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### Number and algebra

### Geometry and measure

### Probability and statistics

### Working mathematically

### For younger learners

### Advanced mathematics

# Car Journey

## Car Journeys

Here are three little cars, each going on a journey.

For this activity, you will need three little cars. We are going to see how far they can travel.

You might use a small wooden ramp, like this:

### Why do this problem?

This problem is a playful activity that gives pupils the opportunity to explore different ways of measuring length/distance. It could lead into considerations of standard and non-standard units of measure, and will certainly involve children comparing lengths/distances.

### Possible approach

You may need to consider whether this is for the whole class or a group at a time.

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Age 5 to 7

Challenge Level

- Problem
- Getting Started
- Teachers' Resources

Here are three little cars, each going on a journey.

For this activity, you will need three little cars. We are going to see how far they can travel.

You might use a small wooden ramp, like this:

Or you could make one using materials you have got.

You may like to use a big slide, like this one:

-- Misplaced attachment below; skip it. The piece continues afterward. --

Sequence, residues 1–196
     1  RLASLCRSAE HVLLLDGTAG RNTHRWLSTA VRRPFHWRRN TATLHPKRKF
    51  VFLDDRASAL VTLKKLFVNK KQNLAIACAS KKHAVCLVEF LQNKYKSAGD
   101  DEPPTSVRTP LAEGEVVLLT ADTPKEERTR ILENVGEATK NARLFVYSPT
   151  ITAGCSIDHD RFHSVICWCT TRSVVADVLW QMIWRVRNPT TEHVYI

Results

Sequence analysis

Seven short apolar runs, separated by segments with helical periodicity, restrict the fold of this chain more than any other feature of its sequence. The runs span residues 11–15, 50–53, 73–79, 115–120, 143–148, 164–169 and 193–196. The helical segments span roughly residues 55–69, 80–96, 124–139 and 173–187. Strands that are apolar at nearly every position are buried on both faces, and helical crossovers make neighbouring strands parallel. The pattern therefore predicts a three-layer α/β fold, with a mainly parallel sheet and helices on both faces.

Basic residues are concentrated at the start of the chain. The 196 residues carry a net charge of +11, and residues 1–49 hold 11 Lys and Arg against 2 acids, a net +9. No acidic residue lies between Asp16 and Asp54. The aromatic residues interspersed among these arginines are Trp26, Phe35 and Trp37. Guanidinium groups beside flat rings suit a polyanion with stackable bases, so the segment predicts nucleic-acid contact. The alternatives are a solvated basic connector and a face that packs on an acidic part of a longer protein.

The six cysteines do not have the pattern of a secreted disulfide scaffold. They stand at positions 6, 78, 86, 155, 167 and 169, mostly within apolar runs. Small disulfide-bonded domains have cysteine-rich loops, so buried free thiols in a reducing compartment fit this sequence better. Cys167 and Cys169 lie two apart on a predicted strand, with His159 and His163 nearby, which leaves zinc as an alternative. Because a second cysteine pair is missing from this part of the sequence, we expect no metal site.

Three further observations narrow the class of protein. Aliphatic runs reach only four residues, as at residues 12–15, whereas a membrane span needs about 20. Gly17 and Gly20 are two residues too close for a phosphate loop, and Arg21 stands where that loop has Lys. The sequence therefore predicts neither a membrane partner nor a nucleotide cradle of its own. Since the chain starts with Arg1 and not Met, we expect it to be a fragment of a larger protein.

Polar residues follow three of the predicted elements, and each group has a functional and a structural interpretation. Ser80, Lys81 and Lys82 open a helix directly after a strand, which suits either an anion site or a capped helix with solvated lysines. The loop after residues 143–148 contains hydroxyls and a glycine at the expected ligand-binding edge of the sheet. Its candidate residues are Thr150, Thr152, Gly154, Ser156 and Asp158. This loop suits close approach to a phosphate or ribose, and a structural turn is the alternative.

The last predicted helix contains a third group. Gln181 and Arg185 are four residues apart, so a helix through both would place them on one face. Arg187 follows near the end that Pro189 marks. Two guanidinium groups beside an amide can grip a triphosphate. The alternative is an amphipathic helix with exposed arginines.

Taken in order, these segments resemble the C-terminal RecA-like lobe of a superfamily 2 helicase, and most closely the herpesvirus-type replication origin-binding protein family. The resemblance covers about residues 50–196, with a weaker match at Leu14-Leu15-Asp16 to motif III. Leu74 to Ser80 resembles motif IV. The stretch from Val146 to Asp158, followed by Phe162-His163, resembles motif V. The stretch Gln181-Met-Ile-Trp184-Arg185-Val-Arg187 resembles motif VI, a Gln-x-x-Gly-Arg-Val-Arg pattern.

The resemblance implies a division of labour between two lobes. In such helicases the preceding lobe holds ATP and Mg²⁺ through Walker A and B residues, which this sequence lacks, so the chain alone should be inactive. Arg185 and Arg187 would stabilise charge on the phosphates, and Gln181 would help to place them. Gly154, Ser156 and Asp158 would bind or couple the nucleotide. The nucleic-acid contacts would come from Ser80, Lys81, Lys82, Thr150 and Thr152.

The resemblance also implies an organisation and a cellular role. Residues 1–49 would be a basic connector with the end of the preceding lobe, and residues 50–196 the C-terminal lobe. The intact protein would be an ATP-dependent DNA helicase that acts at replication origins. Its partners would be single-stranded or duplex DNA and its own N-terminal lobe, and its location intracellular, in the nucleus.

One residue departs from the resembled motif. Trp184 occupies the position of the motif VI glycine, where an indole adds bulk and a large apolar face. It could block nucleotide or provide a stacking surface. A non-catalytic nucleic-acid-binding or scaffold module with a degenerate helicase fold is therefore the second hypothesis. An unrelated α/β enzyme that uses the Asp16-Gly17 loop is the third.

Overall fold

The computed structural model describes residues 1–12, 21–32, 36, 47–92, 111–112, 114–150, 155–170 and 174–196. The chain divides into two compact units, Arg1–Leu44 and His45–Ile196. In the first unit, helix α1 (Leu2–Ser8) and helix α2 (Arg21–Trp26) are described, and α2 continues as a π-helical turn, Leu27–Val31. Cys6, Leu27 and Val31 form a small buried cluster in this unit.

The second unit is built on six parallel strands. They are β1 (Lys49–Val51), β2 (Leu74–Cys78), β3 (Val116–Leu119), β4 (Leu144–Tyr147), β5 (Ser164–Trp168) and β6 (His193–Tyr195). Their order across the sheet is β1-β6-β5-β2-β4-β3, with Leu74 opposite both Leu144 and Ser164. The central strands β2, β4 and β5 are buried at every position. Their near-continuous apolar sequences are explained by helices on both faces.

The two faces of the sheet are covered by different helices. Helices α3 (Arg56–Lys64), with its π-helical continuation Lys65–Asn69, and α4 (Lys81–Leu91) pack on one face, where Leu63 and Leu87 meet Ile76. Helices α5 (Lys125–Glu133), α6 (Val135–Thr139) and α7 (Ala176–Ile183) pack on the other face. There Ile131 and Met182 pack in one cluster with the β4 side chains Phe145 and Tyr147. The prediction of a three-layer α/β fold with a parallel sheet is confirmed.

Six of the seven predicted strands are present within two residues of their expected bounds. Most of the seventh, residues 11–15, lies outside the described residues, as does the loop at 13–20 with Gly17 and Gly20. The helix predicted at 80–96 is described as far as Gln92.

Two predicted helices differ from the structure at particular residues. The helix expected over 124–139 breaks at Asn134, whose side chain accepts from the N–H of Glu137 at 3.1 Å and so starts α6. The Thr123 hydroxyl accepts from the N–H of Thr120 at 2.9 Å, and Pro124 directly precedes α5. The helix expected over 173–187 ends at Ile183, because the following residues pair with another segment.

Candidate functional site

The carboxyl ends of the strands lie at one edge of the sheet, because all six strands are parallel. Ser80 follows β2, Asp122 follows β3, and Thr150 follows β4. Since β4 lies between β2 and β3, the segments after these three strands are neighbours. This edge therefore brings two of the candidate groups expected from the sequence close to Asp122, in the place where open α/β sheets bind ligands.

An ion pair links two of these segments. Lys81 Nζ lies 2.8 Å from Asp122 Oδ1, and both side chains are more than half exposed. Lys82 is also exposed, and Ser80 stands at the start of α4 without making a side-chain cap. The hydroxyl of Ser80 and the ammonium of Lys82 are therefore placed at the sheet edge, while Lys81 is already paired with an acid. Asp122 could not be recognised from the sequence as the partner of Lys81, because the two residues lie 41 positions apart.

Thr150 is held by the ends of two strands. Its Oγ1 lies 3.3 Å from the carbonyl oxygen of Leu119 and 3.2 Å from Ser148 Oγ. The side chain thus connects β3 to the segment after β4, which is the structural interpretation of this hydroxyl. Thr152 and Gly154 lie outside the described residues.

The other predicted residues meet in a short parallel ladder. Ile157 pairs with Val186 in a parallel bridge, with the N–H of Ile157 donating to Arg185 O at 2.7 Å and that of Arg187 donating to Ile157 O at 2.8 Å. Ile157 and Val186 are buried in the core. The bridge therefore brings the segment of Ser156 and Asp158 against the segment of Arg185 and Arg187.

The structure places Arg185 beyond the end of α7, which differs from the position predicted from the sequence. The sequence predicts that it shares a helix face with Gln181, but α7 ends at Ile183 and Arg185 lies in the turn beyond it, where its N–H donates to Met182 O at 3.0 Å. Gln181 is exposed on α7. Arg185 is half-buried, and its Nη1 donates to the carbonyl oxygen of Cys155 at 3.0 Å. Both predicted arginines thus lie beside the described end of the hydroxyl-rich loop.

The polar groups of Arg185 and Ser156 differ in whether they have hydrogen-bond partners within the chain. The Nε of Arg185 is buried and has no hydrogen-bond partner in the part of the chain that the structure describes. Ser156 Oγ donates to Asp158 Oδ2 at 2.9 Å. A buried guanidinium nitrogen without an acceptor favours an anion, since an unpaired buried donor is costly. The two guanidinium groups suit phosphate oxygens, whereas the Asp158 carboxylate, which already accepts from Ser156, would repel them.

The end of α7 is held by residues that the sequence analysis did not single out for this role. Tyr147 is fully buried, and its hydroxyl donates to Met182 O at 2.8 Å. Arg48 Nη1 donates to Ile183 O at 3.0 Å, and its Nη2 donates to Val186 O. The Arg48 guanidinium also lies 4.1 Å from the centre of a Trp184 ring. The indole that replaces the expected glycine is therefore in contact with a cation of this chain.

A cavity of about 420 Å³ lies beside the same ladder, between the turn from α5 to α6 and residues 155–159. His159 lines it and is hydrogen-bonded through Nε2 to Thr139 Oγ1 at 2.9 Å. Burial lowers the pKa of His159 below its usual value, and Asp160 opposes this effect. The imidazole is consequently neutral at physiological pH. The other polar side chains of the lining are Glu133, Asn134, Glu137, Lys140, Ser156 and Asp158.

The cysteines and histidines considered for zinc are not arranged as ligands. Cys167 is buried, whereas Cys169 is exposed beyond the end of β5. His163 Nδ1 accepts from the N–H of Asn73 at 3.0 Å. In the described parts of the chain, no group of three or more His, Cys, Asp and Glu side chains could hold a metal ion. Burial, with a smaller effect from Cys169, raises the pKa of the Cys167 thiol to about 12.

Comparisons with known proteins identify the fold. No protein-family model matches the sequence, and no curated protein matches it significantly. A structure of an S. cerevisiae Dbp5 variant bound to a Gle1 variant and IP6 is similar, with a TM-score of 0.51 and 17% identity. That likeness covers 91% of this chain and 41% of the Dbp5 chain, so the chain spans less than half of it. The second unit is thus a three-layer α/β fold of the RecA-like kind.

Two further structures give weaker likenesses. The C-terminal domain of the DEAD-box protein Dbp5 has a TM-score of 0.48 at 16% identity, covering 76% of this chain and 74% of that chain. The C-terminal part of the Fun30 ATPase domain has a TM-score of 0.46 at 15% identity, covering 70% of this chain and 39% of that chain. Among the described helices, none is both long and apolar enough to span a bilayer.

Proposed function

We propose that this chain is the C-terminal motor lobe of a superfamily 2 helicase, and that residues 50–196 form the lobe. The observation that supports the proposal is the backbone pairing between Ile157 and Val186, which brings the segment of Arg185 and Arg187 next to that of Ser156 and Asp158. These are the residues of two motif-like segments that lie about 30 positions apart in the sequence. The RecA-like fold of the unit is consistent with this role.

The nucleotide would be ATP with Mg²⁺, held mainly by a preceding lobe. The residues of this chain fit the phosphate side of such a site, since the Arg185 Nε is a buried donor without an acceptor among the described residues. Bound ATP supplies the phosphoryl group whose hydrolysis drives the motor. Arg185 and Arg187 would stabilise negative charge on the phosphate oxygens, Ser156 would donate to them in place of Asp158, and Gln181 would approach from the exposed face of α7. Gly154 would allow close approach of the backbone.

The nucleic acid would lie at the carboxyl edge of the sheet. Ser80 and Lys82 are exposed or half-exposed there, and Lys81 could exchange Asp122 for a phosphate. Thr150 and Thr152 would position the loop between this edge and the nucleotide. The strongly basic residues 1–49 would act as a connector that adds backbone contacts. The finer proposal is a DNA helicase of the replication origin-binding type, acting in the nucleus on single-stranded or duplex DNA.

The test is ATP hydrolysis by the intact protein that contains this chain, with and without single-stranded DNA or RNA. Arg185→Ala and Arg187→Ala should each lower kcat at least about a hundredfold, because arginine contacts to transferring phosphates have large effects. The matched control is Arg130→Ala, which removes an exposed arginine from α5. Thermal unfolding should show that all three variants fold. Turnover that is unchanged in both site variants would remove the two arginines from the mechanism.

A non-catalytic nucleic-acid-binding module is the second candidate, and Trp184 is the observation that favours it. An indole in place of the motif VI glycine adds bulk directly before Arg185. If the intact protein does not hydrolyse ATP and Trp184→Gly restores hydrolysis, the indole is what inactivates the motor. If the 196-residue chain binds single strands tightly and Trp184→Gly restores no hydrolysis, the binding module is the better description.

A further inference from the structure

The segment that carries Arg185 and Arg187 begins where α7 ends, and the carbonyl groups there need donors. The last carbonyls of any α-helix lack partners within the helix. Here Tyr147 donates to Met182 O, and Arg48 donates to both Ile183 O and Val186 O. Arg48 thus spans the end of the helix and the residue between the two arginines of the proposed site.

You may like to use a big slide, like this one:

If the ramp is wide enough, place all three cars at the top and LET GO!

Which went furthest? How do you know?

How far did each one travel from the bottom of the slope?

What could you try next?

Photograph Acknowledgement

www.skatebuilders.com

www.tripadvisor.com

Which went furthest? How do you know?

How far did each one travel from the bottom of the slope?

What could you try next?

Photograph Acknowledgement

www.skatebuilders.com

www.tripadvisor.com

Make sure that there is a suitable slope to use and there are small cars available, and allow the children to explore as you stand back. You may need to encourage some sort of measurement but try not to impose particular ways of measuring, rather let learners try out their own.

After a suitable length of time, you could draw the whole group together to share the different ways they measured. If appropriate, you could begin to discuss which way/s might be most helpful and why.

### Key questions

### Possible extension

Some children could be encouraged to find ways of recording the distances for the three cars and then for every car that the group/class used. Talk about what they can find out from their recordings.

### Possible support

Some children may need some support if their fine motor skills prevent them from holding the car at the top of the slope and carefully letting go. This may also apply to the use of any measuring equipment that may be used.

After a suitable length of time, you could draw the whole group together to share the different ways they measured. If appropriate, you could begin to discuss which way/s might be most helpful and why.

Which car went the furthest?

How far did that car go?

How do you know?

How much further did that car go than the next car?

How far did that car go?

How do you know?

How much further did that car go than the next car?